My relatives, landholders in Sichuan province, were accustomed to suffering. Soon after the communists prevailed in 1949, 27 of my family were persecuted in the Land Reform Movement. Fifteen were sent to labor camps, while eight died of starvation in the "natural disaster" caused by Mao's misguided economic policies. In 1949 my mother was forced to perform supervised labor. She died in 1984, one year after she was freed from that task.

I was arrested in 1955. While serving as an officer in China's army, I was accused of being a counterrevolutionary and correctly unmasked as an intelligence officer for the kmt. I was interrogated at a detention house outside Beijing's Desheng Gate and thrown in jail. On June 23, 1958, I was taken to an execution ground with others condemned to death. Twenty-seven were shot dead, while three of us were spared. The goal: to intimidate us into confessing. I was then sent to a series of labor camps, spending most of my time at Camp No. 8.

During Mao's era, Chinese life was shrouded in the shadow of the nation's vast network of labor camps. Leaked official documents from the Cultural Revolution show that in 1958 China maintained 2,248 prisons and reform-through-labor camps, in which 24.7 million people were held--73% of them for political crimes. Since the communist takeover in 1949, nearly 90 million people are thought to have been sentenced to work in such camps. In Qinghai province alone, there are 103 labor camps, with an estimated 2.8 million prisoners--equal to a quarter of the province's population. Hundreds of thousands of these prisoners participated during the early 1950s in building the country's national highways and railways. Later they were sent to salt and uranium mines and to reclaim wasteland.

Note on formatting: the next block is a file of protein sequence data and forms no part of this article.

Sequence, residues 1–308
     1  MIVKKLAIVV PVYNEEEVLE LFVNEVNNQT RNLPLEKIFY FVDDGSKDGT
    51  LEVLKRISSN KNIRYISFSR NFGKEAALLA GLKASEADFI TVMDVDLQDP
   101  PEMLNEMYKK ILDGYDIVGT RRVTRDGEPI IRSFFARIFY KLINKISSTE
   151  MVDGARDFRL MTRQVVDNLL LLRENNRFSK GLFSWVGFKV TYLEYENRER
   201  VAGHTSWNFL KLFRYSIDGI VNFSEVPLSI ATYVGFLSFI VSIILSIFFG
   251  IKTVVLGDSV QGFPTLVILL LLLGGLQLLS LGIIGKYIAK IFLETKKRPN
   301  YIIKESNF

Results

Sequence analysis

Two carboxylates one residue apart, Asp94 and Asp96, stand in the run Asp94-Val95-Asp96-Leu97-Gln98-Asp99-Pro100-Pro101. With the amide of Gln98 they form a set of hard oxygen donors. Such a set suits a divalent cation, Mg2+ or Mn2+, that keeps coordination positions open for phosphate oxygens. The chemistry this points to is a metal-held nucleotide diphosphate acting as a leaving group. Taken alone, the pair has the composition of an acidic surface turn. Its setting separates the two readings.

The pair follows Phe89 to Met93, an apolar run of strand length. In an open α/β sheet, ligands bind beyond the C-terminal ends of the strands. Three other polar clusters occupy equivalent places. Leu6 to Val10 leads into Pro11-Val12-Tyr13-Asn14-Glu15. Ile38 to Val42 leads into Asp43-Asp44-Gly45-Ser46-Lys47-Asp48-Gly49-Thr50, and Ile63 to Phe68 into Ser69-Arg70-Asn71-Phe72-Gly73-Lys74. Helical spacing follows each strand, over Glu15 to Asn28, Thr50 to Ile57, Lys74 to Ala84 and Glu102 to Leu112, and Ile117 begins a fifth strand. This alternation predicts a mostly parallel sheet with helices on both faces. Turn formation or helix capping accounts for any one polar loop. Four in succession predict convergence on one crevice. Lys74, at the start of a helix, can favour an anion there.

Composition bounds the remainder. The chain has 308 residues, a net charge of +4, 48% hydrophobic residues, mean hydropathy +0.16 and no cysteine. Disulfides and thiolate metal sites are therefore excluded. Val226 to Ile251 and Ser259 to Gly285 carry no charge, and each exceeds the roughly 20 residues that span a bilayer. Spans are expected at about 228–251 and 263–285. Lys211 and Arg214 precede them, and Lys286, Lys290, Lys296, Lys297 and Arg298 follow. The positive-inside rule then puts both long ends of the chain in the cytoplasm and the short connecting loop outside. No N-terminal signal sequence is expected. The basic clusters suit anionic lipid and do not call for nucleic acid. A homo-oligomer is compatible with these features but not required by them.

At Camp No. 8, spring was the season for death. More than 100,000 prisoners spread out in the vast corn and soybean fields. With no beasts of burden, six people had to draw each plow as two others held it. The superintendents walked ahead of the laborers with a red flag while troops, whips in hand, brought up the rear. They were quick to lash those who were slow or weak. Once, when I heard a cracking sound, I turned to see a white-haired former professor falling down, a long bleeding whip-mark visible on his back through his torn shirt. He never stood up again. At the end of the day, with tears in our eyes, we carried his body to Coyote Hills, the prisoners' graveyard. The burial was hasty, and we knew the body would be devoured by animals before daybreak.

After 18 years of hard labor, I was released. Sent back to Sichuan in 1980, I wandered around as a panhandler and later found work as a coolie on a harbor dock. In 1983, I passed an examination and became a high school math teacher. I retired in 1991 and moved to Taiwan. Only in Taiwan do I have the freedom to tell this story.

Yu Shan is the pseudonym of Jiang Fang, author of The Crying Great Northern Wilderness

This edition's table of contents
TIME Asia home

CNN's Visions of China home

AsiaNow


 Search


Back to the top   © 1999 Time Inc. All Rights Reserved.
Terms under which this service is provided to you.
Read our privacy guidelines.